sold on easy terms. B.GOLDMAN.

M N -- -.',- X -'- : - --

-.3- W

- HI

$240 Four-Piece Old Ivory Bed Room Suite, with
Vanity Dressing Table (just the thine for the

young girl graduate) on sale

$20 OXIDIZED BEDS

$40 ROYAL EASY CHAIRS

$12.50
$32.60
$65.00
$175.00
$175.00

Ht

P0RCO ROCKERS

$12.50
KITCHEN CABINETS

$160.00

$17o Four-Piece Ivory Bed Room !1 OC flfl
Suite on sale at... liJJiJ

nber)
$90.00

$45.00.
$1.00
$5.00

(Only three suites of this number)

$175 Five-Piece Mahogany Living
Room Suites on sale at. f.
Three-Piece Living Room Suites
(Mahogany) on sale at..
$2 Odd Dining Room Chairs,

on sale at

$10 Dining Room Chairs
on sale at

Think of it vou can buy these chairs at
HALF PRICE

$29.00

$10 Blue Ribbon Bed Springs
on sale at.
$12.50 National Bed Springs
on sale at...-.
$15 42-Piece Gold Band- Dishes
on sale at..'.
$17.50 42-Piece Blue Bird Pattern
Dishes on sale at

. $6.50
$10.00
$10.98
$12.50

T
hi
1
I
w
"I
i
m
m
Ml
i
III
m
J
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1

We have a number of Fancy Decorated Toilet Sets
that sold from $12 to $20 that we are going to
close out from

$5.00 to $15.00
Values 1.4 oil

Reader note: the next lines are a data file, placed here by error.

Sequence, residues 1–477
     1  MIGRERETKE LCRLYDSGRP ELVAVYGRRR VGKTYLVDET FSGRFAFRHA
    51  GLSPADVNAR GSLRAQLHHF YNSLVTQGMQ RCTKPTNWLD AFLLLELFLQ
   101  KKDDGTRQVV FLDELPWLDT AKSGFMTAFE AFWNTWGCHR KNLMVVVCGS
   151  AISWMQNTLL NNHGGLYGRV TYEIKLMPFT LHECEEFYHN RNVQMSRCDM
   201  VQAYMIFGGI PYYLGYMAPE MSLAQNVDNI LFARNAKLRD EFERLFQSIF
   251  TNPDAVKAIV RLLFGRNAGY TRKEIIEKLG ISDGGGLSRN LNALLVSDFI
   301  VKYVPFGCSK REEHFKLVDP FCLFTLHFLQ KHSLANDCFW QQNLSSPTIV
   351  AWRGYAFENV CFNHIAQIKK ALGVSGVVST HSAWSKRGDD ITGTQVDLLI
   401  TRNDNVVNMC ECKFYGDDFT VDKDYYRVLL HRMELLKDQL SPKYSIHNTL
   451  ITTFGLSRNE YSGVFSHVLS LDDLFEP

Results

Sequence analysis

$7.50 T0 $10.00
$50 to $100 Round Dining Room Tables, 42 to
inches, Extension, on sale at
ONE-THIRD OFF

45

PURCHASE YOUR RUGS NOW WHILE YOU CAN
GET THEM AT REDUCED PRICES DURING THIS
INTRODUCTORY STOCK REDUCING SALE.

33 1-3 per cent Discount

sssssssssssssssssssssssMsssssssssM

ALE

STAK

T FEHPAY, AUG

ml

UM it

mo ji

till

1 L

o

JH, .-VVBSSSSBBSBSBBSSa

SkWAftMSSSSSSSSBSSSSSSSBSSSSBSSSSSBMiSSBBSBSSSSW- III

-r"--rt, wont- vnn tn Know tnat rnis saie mciuues eauu auu cvcijr iluui m wux siv.

A Tha. cola will hA fYindnrtftd on the same hich Diane as our regular run

be exactly as advertised and represented or we will refund your money as cheerfully as we take it

come and see for yourselt tnat it reany is tne one Dig saie ui we acaaun.

Nothing will be spared, every price will be cut right, down to the lowest
i of business and we unconditionally guarantee each and every item sold to
- .1 T 'ft. ..Mft.ftoA V t r nnlo ftrl V 'irt-1 1 0 ' Col3 lltlt'